Oral sex, no ejaculation?

Originally Posted: 
Monday, May 7, 2012
Question: 

 

I performed oral sex on a man (unknown hiv status) for 5 minutes.

He did NOT ejaculate, but pre-cum was present. Am I at risk for contracting hiv if he had it? Do I need to test over this incident?

Answer: 

 

Hello there and thank-you for using the AIDS Vancouver Helpline as your source of HIV/AIDS related information.

 

Performing oral sex is considered a low risk activity for the passing of HIV. This means that there is an exchange of bodily fluids which are able to harbor the HIV virus (such as pre-cum), but there have only been a few reports of infection attributed to these activities.

 

The only two high risk activities for the passing of HIV are sharing needles and unprotected vaginal/anal intercourse. As well, the HIV virus needs direct access to the bloodstream through the vagina, anus, urethra in the penis, other mucosal membranes, points of needle injection, or open cuts and sores (in theory).You may also be interested to know that your saliva actually contains an enzyme which inhibits the HIV virus, and this acts to further reduce the chance of the HIV virus being passed.

 

Although this activity is considered low risk, it may be a good idea to get tested as testing is the only way to know for sure. In addition, we do recommend regular HIV and STI testing to everyone who is sexually active for their well-being and the well-being of others. STI's such as Chlamydia, Gonorrhea, and Syphilis can be easily passed through oral sex, so if you haven't been tested for these recently, you may take the opportunity to do that now as well. Standard antibody HIV tests can offer you very accurate and reliable results as soon as 4-6 weeks post exposure.

 

Feel free to write back if you have any more questions/concerns.

 

In Health,

Elyse

AIDS Vancouver Helpline Volunteer

E-mail: helpline@aidsvancouver.org

Phone (Mon-Fri 9-4pm): (604) 696-4666

Web: www.aidsvancouver.org/helpline

 

Comments

Submitted by Anonymous (not verified) on

Hi I recently had oral sex preformed on me for a least 10 seconds but there was no pre cum or ejactulation, am I at risk of HIV? I just got recently tested for it and Syphlis and both were negative results and now I'm worried?

Helpline1's picture
Submitted by Helpline1 on

 

Hi there,

 

Receiving oral sex is considered a negligible risk activity for the passing of HIV. This means that there is a potential for transmission because this activity involves the exchange of bodily fluids, but there has never been a confirmed report of HIV being passed in this way.

 

It is great to hear that you got tested for HIV. With an antibody test, 95% of infections are detectable within 4-6 weeks, and a negative result at 3 months is considered conclusive.

 

To learn more about other STIs, such as syphilis, I suggest checking out www.smartsexresource.com. They have great amount of information on common STIs that are passed through oral sex & it might be something worth exploring.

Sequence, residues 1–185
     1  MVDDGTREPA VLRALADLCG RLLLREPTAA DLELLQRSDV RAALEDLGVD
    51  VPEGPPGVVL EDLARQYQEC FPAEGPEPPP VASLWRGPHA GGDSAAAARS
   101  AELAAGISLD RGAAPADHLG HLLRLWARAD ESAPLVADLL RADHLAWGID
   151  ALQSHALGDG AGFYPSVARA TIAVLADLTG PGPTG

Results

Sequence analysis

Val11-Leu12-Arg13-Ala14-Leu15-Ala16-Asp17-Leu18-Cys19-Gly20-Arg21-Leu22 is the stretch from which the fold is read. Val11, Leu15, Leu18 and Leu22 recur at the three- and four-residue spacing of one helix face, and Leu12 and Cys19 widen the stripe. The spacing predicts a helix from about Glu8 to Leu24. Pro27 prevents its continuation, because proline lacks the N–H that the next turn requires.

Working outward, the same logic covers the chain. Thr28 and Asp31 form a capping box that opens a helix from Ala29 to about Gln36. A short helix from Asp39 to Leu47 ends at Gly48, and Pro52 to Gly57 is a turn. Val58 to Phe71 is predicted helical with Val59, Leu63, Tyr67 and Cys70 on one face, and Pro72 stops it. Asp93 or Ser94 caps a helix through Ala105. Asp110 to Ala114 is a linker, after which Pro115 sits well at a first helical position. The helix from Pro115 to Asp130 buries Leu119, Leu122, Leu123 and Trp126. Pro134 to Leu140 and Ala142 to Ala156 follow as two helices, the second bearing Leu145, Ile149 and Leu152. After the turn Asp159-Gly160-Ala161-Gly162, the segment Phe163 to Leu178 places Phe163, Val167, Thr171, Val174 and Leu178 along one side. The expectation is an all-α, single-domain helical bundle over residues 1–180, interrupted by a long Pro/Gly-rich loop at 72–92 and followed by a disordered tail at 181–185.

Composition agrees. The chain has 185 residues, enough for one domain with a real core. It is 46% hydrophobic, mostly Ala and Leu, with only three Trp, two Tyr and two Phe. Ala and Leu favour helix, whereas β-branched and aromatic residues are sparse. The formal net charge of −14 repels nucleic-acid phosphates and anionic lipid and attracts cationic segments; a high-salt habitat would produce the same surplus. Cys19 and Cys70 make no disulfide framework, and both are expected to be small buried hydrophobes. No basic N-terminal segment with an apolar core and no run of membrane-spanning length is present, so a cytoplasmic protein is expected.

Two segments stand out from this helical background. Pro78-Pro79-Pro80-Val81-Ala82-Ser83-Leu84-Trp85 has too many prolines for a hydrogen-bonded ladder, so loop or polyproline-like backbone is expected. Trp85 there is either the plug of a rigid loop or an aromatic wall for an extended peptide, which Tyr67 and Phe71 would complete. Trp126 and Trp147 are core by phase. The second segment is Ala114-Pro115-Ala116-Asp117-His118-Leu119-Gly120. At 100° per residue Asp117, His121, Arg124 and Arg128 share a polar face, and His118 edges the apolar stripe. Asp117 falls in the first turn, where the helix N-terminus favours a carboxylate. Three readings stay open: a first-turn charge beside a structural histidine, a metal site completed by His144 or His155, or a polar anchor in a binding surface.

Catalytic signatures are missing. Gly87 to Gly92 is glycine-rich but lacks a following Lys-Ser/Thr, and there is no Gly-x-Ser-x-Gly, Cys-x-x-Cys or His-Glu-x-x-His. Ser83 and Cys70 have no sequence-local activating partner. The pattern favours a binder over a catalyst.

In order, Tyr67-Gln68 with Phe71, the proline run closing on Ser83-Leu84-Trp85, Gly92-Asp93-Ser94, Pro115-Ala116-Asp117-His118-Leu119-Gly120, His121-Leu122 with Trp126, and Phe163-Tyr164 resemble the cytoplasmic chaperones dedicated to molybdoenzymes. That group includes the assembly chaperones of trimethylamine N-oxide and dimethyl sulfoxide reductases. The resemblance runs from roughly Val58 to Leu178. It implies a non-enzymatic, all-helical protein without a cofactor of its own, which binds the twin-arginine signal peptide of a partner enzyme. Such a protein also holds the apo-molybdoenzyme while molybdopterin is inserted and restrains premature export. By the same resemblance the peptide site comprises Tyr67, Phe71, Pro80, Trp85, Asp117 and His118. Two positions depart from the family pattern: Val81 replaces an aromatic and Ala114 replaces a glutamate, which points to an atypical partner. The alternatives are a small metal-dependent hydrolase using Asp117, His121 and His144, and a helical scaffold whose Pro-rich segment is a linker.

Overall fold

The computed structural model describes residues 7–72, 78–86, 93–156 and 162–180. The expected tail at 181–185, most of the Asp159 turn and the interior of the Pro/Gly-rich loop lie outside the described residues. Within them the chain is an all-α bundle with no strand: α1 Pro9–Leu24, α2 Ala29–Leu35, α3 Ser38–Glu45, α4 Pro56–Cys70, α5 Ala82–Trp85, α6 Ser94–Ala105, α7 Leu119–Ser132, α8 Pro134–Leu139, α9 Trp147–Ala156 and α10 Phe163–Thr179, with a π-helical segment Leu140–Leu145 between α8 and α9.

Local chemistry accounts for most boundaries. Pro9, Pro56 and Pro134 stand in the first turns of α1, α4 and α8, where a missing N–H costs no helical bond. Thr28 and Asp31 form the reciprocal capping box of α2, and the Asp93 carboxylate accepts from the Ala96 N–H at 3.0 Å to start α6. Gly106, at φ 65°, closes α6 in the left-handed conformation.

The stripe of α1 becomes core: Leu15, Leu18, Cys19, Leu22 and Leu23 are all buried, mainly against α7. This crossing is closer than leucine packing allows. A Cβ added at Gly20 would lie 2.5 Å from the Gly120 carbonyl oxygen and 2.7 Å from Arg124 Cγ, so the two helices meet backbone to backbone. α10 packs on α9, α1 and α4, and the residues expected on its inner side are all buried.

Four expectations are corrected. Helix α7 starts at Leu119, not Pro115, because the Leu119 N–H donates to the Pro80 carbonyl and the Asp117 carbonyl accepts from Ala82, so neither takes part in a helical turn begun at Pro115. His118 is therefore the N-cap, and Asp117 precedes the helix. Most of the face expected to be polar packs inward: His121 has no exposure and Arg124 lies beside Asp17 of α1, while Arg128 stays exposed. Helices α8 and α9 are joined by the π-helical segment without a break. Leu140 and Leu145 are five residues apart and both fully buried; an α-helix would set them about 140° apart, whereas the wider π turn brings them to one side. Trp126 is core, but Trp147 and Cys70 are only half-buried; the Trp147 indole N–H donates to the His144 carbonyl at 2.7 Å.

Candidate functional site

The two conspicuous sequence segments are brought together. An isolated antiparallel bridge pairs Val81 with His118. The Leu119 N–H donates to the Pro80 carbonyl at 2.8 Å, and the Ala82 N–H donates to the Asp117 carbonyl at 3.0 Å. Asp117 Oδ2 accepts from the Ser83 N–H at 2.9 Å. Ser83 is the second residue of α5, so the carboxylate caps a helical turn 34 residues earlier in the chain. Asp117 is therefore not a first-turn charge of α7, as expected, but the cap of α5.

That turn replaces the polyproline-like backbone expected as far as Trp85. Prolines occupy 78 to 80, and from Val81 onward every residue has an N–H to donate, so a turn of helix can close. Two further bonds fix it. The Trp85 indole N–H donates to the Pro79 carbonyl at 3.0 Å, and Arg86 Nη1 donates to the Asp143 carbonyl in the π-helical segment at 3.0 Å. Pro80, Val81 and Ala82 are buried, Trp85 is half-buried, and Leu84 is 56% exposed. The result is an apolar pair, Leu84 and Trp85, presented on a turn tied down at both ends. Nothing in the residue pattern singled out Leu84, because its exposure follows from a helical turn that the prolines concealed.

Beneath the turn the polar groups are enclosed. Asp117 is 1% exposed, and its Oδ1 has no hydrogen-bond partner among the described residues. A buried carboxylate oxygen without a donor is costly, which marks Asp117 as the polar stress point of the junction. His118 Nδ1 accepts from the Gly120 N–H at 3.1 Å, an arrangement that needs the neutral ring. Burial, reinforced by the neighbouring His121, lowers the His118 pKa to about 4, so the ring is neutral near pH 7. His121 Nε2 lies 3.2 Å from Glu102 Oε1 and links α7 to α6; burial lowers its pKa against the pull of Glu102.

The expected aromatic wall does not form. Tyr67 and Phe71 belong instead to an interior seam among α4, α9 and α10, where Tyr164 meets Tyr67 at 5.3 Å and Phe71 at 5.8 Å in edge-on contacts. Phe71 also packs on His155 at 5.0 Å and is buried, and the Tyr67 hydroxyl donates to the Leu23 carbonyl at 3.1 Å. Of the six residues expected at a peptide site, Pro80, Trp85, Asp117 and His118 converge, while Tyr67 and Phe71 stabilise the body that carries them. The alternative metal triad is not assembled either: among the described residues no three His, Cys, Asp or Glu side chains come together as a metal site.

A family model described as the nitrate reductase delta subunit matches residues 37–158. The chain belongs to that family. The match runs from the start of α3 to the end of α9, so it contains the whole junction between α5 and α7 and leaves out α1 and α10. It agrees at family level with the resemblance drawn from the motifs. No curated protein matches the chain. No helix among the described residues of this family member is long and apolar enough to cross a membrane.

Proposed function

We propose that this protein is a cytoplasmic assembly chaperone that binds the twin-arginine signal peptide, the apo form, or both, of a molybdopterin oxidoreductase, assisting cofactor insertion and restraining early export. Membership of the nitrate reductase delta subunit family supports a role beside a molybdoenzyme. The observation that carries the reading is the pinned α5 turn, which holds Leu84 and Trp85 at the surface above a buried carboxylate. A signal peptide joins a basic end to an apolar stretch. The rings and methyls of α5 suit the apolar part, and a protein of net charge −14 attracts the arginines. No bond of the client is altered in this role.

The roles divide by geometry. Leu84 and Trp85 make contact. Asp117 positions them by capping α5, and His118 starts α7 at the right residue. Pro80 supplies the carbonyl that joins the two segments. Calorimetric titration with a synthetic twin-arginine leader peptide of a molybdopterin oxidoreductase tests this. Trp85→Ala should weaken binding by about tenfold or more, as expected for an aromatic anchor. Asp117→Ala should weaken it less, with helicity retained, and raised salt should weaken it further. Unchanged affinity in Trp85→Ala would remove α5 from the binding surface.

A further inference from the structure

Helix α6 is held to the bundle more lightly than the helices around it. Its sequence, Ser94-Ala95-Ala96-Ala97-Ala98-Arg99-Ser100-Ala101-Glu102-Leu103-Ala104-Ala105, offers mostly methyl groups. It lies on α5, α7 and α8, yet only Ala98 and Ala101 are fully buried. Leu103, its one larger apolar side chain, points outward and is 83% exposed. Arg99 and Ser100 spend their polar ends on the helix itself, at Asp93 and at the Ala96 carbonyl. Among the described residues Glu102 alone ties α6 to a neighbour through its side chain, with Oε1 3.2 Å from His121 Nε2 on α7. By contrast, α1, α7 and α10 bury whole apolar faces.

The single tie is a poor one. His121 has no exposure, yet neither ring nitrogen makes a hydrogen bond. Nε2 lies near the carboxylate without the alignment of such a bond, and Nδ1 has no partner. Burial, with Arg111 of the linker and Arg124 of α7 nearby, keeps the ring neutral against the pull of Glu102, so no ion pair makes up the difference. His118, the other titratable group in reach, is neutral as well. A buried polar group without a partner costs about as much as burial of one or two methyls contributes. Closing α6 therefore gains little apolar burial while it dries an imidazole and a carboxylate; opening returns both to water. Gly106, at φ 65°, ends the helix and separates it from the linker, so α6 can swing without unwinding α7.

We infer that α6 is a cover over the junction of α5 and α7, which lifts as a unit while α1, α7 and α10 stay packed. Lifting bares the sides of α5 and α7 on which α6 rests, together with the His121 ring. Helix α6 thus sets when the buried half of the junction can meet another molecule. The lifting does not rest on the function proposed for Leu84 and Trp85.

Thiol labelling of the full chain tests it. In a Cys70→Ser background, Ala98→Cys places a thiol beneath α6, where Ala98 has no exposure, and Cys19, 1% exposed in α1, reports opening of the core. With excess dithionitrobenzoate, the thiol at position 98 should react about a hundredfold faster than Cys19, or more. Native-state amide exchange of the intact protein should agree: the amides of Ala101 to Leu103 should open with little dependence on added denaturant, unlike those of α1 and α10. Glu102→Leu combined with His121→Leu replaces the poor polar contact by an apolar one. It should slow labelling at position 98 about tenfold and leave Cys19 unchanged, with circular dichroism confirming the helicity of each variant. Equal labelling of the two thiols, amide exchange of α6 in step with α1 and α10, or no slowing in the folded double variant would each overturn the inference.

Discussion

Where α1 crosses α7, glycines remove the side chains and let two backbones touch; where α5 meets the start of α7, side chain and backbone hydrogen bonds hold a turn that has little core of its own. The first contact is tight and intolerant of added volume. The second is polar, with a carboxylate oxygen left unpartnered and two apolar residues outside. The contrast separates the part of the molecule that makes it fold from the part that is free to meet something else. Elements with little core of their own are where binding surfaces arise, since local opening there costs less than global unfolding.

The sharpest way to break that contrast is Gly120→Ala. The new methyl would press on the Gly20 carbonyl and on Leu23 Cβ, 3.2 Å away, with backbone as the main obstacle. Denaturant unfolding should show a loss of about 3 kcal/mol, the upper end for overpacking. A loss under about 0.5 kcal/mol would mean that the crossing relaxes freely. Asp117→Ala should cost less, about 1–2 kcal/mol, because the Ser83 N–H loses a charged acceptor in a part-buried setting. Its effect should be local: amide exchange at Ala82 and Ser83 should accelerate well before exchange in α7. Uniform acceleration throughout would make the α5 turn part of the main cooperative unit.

Sincerely,

Elyse

AIDS Vancouver Helpline Volunteer

E-mail: helpline@aidsvancouver.org

Phone (Mon-Fri 9am-4pm): (604) 696-4666

Web: www.aidsvancouver.org/helpline

 

Add new comment

Plain text

  • No HTML tags allowed.
  • Web page addresses and e-mail addresses turn into links automatically.
  • Lines and paragraphs break automatically.

Disclaimer

The AIDS Vancouver Helpline is a volunteer-driven information, referral and support service related to HIV and sexual health. Volunteers are trained in active listening, HIV and sexual health information, and local resources and services. Volunteers are not doctors, nurses, or other licensed professionals. Volunteers do not give advice, and strive to provide service-users with adequate information and appropriate referrals.

Helpline volunteers uphold the agency’s confidentiality and privacy policies. Your calls, forum posts, and emails are anonymous. We welcome you to use a pseudonym or “fake name” when using Helpline services.  We will not ask for or track your personal information. To ensure that the Helpline program is providing quality services, the Helpline Coordinator regularly monitors online content (forum posts and emails) and supervises volunteers who are receiving calls.  

The Helpline Program should not be used in replacement of medical examination, diagnosis, advice counseling or follow-up care. We strongly recommend routine testing (HIV and STI tests) and discussing your healthcare directly with a physician.

We would love to hear from you! If you have feedback or questions related to the operations of the Helpline, please contact David at helpline@aidsvancouver.org or by calling 604.696.4666.

Stay Connected

Keep in touch with AIDS Vancouver and signup for our newsletter!

Please leave this field empty

The New Face of HIV

For Project details or information on how you can get involved, CLICK HERE.